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Canongate at South Shore Harbour - Harbour Course Review

Texas Outside Rating: 8.6

Golf - Resort Private Course · 9 Holes · Par 36
League City
Website · Locate This Course
· Stay & Play
Date Last Played: November 28, 2012

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Canongate at South Shore Harbour - Harbour Course Review

Review of Canongate at South Shore Harbour's Harbour Nine Holes

Canongate at South Shore Harbour is home to three nines, each of which has it’s own unique characteristics and personality but common to all is a fairly traditional layout with flat to gently rolling fairways, water hazards, plenty of bunkers, challenging greens, and a steady wind that beats off the bay.  Each of the nines was originally designed by Dave Marr and Jay Riviere and was renovated and augmented by Jeffery Blume in the late 1990s

The Shore Nine is regarded as the most challenging thanks to tough greens, thicker roughs, and tighter fairways.  The Harbour Nine has water on 7 holes but it’s a little shorter and more forgiving from tee to green.  South plays the longest and has the highest slope and rating, but plays easier than the Shore Nine and harder than the Harbour nine.  Read our review of Canongate at South Shore Harbour's Shore Course.

Canongateat South Shore Harbour is a private club and part of a portfolio of 4 other excellent Canongate Golf Club courses in Texas - read our review of Lake Windcrest, Oaks, Panther Trail, and Magnolia Creek which has three nine hole courses.  All of the courses are private and available for play by members at a reasonable monthly and one time initiation fee.  Or you can play the courses as part of a stay and play package at two different resorts - to learn more, read our review of the Woodlands Resort’s Stay & Play (adjacent to Oaks and Panther Trail in The Woodlands) and South Shore Harbour’s Stay & Play which is within minutes of Canongate at South Shore Harbour’s three courses.

The Harbour Nine at Canongate at South Shore is fairly straightforward and traditional with water coming into play on 7 holes (including the island green on #9), strategically placed bunkers, and fast sloping and tiered greens.  The Harbour nine is generally regarded as the easiest of the nines – in most cases you can see the pin and what you’re up against (except for the water guarding the green on #5), the fairways are ample, it plays a little shorter than the stated yardage, and you need to really spray the ball to be in someone’s back yard or lost in the woods.  Wind, which is typical, can cause some trouble and require you to club up or down or adjust your aim left or right to compensate for it.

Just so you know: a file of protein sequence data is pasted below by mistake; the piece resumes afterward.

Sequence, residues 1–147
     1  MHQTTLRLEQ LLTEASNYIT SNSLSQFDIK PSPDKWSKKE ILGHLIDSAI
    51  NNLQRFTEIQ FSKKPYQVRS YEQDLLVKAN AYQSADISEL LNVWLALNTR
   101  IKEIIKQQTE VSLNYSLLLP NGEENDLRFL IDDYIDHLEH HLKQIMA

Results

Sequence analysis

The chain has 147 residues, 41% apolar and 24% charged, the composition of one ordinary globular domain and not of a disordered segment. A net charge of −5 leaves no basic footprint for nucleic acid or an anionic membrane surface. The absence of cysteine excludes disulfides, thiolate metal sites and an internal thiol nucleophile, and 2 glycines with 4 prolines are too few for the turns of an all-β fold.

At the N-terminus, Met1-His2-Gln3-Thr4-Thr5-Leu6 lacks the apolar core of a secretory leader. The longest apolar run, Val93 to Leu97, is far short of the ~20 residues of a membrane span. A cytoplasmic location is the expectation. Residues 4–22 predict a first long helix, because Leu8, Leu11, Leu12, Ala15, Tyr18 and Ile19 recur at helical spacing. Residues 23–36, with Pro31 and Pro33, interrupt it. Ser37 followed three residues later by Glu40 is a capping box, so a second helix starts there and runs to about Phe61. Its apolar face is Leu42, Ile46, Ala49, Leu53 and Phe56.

The Harbour nine has some great holes that are fun and challenging but fair.  In several cases the holes look easy but may have a surprise waiting for you which can make par tough, for example:

  • #3 is a short 367 yard par 4 but you need to avoid the lake on the right that has an arm cutting across the front of the green and along it’s left side plus there are two huge bunkers making the approach shot even harder
  • #5 is one of those holes where you step up to the tee box and can see the pin just 326 yards in the distance and you utter “piece of cake, I’m going for the green” as you pull out the big dog and let-er-rip – only to find that there is a hidden body of water crossing in front of the green waiting for a short shot and a dense woodlands waiting for a long shot over the green
  • #7 also seems easy until you have to try and hit and putt on the green which is raised, has a huge sprawling bunker guarding thee fourths of the green, another bunker and a grass bunker on the left, and it's a challenging odd shaped 2 tiered sloping green
  • The #1 handicap 408 yard par4 offers a very risky shot if you want to try to fly the trees and bunkers on the right side to shorten this dog right hole with a lake along the left side from 150 yards out, a huge treacherous bunker on the right, and a small odd shaped green
  • Be prepared to lose some balls if you can’t hit the island green on #9

When we played the conditions were good but not quite as good as the Shore nine – some of the fairways and roughs were showing some bare spots.  Also, the cart paths and restrooms were showing some signs of age and could use some TLC.  The bunkers were in very good condition as were the greens.

Most of the fairways are generous and you can let it rip from the tee box and won’t have any trouble unless you really spray the ball.  The fairways range from flat to gently rolling with little to no contour.  They are firm and give you a lot of extra roll. The rough was wide and cut thin and very playable.